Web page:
I remembered my first blog about finding the voice of the little child in me, the one who would speak up without being prompted, who would tell the truth without malice nor intent to harm. That is the kind of writer He wants me to be.
I also imagined how children like to doodle and draw. Sometimes, the parents would be so proud of the work, they frame it and show it off. But most of the time, they just gather the doodled work and put it in a file, and most of the time the little one would not care what the parents would do with it. She just keeps on doodling and using up papers and scattering them everywhere. I will be like that little one. I will write and write and write to my heart's delight. Should God find a work of mine that He’d feel proud of, He’d most likely prompt me to publish it on the website or send me the agent to get it published. Otherwise, I will just doodle and doodle because I love to do it. And I consider it play.
Isn't that my intent, to find a work that I'd consider play, so it is a pleasure to do every day?
When Work Becomes Mere Play
My daughter talked about making another musical presentation for her project and how she's enjoying her boring summer course because of it. Music is definitely her oxygen.
“That's how work should be, like play!” I told her. “Now you are enjoying your school work.”
St Therese's doctrine makes perfect sense. She has indeed discovered the secret of finding favor in God's eyes in her little way.
Her simple doctrine, based on the gospel, is to be a little one.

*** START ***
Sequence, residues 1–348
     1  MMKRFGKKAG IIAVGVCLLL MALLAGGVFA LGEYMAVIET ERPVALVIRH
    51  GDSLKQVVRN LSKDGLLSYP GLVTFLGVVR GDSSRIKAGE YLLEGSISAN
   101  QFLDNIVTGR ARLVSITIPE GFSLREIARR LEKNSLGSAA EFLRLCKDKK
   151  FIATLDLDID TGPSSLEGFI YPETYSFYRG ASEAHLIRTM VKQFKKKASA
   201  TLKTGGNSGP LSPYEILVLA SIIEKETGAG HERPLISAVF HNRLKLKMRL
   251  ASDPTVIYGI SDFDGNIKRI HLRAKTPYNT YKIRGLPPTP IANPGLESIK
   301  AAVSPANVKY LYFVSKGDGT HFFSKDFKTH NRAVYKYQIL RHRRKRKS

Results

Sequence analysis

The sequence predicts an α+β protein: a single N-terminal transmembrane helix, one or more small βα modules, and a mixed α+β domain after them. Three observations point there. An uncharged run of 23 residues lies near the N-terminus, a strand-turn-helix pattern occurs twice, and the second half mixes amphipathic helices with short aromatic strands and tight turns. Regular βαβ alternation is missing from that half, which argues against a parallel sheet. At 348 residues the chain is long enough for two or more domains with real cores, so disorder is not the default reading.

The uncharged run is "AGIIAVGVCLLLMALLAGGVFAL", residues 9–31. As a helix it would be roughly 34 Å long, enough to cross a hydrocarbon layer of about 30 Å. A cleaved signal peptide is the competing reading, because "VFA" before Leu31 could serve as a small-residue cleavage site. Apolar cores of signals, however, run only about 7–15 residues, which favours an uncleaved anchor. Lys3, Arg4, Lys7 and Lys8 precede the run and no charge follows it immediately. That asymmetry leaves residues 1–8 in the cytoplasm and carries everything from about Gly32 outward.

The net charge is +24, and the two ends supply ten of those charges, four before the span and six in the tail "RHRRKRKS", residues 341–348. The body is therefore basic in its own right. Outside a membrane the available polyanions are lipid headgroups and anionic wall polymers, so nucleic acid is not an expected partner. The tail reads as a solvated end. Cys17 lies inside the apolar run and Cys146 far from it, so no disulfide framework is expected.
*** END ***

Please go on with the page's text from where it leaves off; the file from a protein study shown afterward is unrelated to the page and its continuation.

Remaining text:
The more I pondered on this, the more I realized her genius.
Imagine if you're a baby, the parent will always be there at your every cry, "Why my little one, what's wrong? Do you want to eat? You want to play?" And the parent stoops down to that child's level. And when the child falls on her feet while learning how to walk, the parent holds her hand until her legs have steadied. And even when they would allow the child to fall and cry, they will make sure she is safe and does not allow her to fall off the stairs or a cliff. She is ever before their watchful eyes.
That was St. Therese's secret—complete trust and surrender to God’s care. God gave her the highest honor even with her very simple doctrine because despite its simplicity, adults find it hard to do. They refuse to relinquish control, but a little one will not have her own agenda for the day. She would allow her parents to carry her wherever they go: whether out shopping, to the playground, or to the zoo. And the little one does not worry about her food; she knows her father will take care of her daily bread. And when the parent tells her not to do something because it can hurt her, a small one will obey, and if she does not, she'll eventually learn that it was for her own good when she gets hurt for not obeying.
And a child loves to play! So the parents allow her to play.
And that's how work should be, mere play.
And that’s what my writing should be, mere play.
That day, when I did not find inspiration in prayer, I turned to running. And I found God when I treated running as mere play. I ran like a child. And yesterday, I imagined the Little Jesus beckoning me to play outside with him, when I went out for my run. And we searched for secret nooks and trails, looked at strange flowers and just enjoyed the sun and the birds.
“Didn't you envy those whose hobby earned their keep and had become their source of income and means of living? Let your work become your hobby. See if you enjoy it more.”
My angel is right. That’s an advice for everyone. And I would add that if after a year, you still dread your work, for heaven's sake find another! Why on earth would you stick to knitting if you loathed it? Find a hobby that you'd enjoy. Best if you make your hobby become your work, then your work becomes mere play.